|Madurai Nayak Rulers|
|Kumara Krishnappa Nayak||1563—1573|
|Joint Rulers Group I||1573—1595|
|Joint Rulers Group II||1595—1602|
|Muttu Krishnappa Nayak||1602—1609|
|Muttu Virappa Nayak||1609—1623|
|Muthu Alakadri Nayak||1659—1662|
|Rangakrishna Muthu Virappa Nayak||1682—1689|
|Vijaya Ranga Chokkanatha Nayak||1704—1731|
‡ Regent Queens
Madurai 72 Bastion Fort
Tiruchirapalli Rock Fort
The Bull type coins may be grouped broadly into three varieties. Among them two groups bear names of the rulers. One bears the name Konerirayan and the other bears the name Sethu. These two groups are neither Chola Coins nor Pandya Coins and are coins of local rulers. The third group bear the initial of the ruler in Tamil-Nagari or Telugu. It will be shown presently that these coins were the issues of the Nayaks of Madurai and have nothing to do with Chola or Pandya.
It is well known that towards the end of Krishnadevaraya’s rule the Nayak principalities of Tanjore, Madurai and Gingee were established. Towards the end of his reign Krishnadevaraya, sent his able general nagama Nayaka to Madurai, to remove the Chola who has captured the Country and restore it to the Pandya. Nagama took no time to dirve out the Chola, but did not restore the country to the Pandya. This enraged the emperor Krishnadevaraya, who sent Nagaman’s son Visvanatha to fight against his own father. Visvanatha the young general won the battle and brought his father a prisoner before the emperor. But at the same time Visvanatha informed the emperor that the action of his father in not returning the Kingdom to the weak Pandya was the prudent policy that would mainain peace in the region.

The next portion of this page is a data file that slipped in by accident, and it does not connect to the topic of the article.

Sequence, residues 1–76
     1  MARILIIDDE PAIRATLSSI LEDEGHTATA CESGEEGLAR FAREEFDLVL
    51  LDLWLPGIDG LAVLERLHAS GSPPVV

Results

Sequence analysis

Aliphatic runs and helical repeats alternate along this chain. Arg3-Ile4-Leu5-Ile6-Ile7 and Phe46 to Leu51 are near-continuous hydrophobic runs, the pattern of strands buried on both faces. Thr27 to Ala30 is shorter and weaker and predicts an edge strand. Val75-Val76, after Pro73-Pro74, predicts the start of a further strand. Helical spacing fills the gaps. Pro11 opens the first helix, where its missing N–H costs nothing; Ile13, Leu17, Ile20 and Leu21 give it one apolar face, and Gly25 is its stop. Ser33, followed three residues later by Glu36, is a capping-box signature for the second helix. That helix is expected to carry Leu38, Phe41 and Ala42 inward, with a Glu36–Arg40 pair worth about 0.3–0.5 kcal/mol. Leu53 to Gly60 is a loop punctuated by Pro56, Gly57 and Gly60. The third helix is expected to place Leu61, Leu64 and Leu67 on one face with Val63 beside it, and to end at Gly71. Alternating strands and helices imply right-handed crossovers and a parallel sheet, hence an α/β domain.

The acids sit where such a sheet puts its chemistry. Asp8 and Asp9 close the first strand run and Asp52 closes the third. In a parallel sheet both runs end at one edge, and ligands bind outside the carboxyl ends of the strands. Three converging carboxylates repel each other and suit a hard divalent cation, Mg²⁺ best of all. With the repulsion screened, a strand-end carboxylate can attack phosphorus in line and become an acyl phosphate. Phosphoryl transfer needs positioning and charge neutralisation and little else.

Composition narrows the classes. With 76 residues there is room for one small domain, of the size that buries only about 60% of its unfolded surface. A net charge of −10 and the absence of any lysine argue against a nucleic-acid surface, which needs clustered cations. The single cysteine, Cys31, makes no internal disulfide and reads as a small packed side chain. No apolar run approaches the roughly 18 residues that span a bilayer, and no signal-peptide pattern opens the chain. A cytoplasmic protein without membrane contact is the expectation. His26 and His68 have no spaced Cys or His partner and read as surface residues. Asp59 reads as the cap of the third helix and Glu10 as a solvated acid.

Krishnadevaraya realised his folly and appointed Visvanatha himself to govern the Madurai Country. That marked the beginning of Madurai Nayak dynasty. Though Visvanatha ruled as a Governor under Vijayanagar dynasty, he styled himself as a Pandya. In his coins he reflected this by showing on the reverse the two fish and a sceptre and the Tamil legend ‘Visvanathan’ in-anti-Clockwise direction. Another point of interest is the presense the crescent moon to indicate the lunar lineage of the Pandyas. On the obverse is shown the standing figure. The issue of the coins with Tamil legend and the Pandya crest by the Telugu speaking Visvanatha shows that he respected the sentiment of the people of the region and also ensured a smooth currency system.
This writer happened to notice an interesting copper coin in a private collection at Kuttalam, Tinnnelveli district. The coin bears on the obverse two fishes and above them is seen the Tamil legend ‘Pandya’. On the reverse the legend Visvanatan’ is written. This should have been one of Visvanatha’s early coin.